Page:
Looking like a cop is easy if you're a savvy shopper with a few thousand bucks.
Used law enforcement vehicles are bought and sold all the time, but county leaders say what Contact 13 uncovered simply isn't safe.
It's illegal to dress and pose as a cop, but looking like one while driving is not. And our own government agencies will help you do it.
Three times a year, Clark County holds government surplus auctions where you can buy retired police cars. One was just held last weekend.
Most of the folks who attend the auctions are likely just looking for a good deal, but some could be up to no good.
In late 2010, a suspected police impersonator was arrested and police say his car looked like the real deal.
The car was a retired Nevada Highway Patrol cruiser. And investigators said suspect Bradley Wedge used it to pull over at least five vehicles in eight months.
"It's not good for those vehicles to be out in the public," said Michal Manda of Las Vegas Auto Sports. He had clients who did something similar with a Highway Patrol vehicle purchased in Washington state.
"So they were driving in Henderson and they actually got pulled over over there because they were going behind people and turning the lights on."
We found a police car that's about as real-looking as it gets. It's an older model that's mostly been rented out for use in movies, but it's for sale right now on Craigslist.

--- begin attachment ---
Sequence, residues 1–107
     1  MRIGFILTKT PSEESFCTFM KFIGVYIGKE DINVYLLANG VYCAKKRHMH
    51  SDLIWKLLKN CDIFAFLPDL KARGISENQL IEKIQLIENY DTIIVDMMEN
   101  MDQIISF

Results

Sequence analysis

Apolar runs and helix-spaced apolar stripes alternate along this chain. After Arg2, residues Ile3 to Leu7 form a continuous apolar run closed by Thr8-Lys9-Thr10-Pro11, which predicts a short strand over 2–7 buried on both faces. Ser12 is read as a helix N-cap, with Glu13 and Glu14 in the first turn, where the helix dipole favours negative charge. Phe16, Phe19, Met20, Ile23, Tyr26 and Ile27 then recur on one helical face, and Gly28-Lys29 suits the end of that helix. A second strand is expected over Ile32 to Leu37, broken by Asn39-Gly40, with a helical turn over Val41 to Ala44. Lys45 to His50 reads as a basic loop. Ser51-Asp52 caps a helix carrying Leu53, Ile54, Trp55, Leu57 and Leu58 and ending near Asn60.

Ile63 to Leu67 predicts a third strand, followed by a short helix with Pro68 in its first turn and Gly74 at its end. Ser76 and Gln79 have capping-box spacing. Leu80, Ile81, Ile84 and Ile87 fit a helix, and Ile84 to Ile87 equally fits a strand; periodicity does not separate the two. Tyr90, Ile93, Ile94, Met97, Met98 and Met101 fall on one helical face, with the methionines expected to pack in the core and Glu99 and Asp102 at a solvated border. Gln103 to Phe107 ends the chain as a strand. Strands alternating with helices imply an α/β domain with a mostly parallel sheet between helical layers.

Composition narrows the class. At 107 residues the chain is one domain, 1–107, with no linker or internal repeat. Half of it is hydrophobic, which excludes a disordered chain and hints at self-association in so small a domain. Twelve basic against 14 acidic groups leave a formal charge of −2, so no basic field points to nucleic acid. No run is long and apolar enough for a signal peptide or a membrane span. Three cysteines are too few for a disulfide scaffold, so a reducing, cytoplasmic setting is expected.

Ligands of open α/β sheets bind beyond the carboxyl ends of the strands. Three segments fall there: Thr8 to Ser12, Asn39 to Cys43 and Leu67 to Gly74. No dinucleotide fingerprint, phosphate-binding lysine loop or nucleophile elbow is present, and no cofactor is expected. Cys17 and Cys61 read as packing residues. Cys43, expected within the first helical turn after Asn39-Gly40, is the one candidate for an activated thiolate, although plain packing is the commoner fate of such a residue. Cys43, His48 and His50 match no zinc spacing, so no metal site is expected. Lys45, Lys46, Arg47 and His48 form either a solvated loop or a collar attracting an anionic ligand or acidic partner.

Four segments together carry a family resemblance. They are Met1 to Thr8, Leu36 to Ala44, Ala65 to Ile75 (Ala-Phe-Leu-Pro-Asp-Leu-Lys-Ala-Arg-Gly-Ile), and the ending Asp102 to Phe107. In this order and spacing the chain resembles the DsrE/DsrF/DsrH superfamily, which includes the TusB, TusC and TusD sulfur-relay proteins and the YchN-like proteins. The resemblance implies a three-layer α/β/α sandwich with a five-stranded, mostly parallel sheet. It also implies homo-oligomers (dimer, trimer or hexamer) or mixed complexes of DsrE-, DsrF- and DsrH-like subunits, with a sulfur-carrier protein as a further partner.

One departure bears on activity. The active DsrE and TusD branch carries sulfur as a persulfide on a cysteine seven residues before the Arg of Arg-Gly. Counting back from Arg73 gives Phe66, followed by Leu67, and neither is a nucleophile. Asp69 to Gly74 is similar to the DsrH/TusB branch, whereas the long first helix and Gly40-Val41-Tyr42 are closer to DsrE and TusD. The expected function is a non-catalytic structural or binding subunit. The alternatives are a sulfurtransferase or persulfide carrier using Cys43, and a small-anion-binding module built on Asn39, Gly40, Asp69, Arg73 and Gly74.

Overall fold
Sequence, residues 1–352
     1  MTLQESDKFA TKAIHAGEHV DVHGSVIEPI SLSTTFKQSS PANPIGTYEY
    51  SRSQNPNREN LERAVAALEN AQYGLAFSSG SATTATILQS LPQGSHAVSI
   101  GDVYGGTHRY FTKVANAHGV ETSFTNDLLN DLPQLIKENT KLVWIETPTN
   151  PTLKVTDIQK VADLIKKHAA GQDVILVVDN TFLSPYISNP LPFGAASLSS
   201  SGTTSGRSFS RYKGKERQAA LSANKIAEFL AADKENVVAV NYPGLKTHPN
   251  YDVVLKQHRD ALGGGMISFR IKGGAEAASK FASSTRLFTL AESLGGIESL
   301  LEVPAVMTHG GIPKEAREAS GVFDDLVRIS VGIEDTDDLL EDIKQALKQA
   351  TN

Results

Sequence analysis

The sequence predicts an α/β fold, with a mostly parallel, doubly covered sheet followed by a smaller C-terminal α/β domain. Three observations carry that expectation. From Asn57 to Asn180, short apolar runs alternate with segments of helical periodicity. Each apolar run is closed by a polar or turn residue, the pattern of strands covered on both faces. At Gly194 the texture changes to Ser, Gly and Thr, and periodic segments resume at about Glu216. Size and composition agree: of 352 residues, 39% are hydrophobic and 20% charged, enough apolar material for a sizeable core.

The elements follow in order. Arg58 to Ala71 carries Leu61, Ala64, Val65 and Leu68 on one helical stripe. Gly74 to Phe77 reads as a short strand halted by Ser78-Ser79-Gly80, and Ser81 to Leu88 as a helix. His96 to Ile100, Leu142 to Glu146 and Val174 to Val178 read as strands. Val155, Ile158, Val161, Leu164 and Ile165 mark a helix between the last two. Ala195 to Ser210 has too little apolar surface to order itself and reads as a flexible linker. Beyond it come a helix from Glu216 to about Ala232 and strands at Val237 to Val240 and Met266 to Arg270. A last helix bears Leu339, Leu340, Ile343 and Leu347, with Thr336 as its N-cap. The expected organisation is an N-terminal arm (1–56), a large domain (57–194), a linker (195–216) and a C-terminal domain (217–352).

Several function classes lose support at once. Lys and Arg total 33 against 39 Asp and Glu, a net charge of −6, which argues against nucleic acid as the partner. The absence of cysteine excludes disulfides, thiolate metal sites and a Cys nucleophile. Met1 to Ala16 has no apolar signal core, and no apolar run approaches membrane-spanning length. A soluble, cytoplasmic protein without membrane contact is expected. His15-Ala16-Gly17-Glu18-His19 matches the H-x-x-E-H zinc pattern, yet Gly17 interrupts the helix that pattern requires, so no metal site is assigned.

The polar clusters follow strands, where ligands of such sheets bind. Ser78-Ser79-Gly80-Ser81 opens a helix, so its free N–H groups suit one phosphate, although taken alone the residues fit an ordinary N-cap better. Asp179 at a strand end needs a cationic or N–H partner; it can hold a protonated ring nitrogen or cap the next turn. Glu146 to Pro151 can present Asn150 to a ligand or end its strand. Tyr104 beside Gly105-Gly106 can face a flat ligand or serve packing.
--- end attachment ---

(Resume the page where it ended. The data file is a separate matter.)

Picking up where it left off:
If you've got $4,000, it can be yours.
"Well, that should not be allowed," said County Commission Chairman Steve Sisolak. "And you're impersonating an officer, as far as I'm concerned, if you're driving that vehicle."
Contact 13 spotted many retired law enforcement vehicles on valley roads in the past few months that still look very much like cop cars.
The Las Vegas Metropolitan Police Department says beginning in 2013, they started painting all decommissioned patrol vehicles solid white, and removing push bumpers, spotlights and residual adhesive left behind from removing decals.
But at a recent government auction, Contact 13 found striping, spotlights and visible markings on motorcycles and cars alike.
Commissioner Sisolak was most disturbed by the Clark County School District cop cars, which could give anyone easy access to school campuses.
"I can't see why anyone would want to buy the vehicle and have police markings on there unless they were gonna use it for something that it shouldn't be used for," he said.
CCSD police say it's too labor intensive and cost-prohibitive to remove all the markings. And they don't believe anyone would confuse the decommissioned vehicles for working cop cars.
There is no law that says you have to make it look like a civilian vehicle before you sell it.
"If they're not going to do it voluntarily, then I think it should be addressed by Nevada Revised Statutes that the vehicles have to look like a regular pedestrian or regular citizenry vehicles," said Sisolak.
No one from LVMPD would go on-camera for this story. They do not keep statistics on how many decommissioned patrol vehicles are used in crimes or to impersonate officers.
We also reached out to Henderson Police, North Las Vegas Police and Nevada Highway Patrol. All say it's their policy to scrub vehicles clean of law enforcement markings before selling them.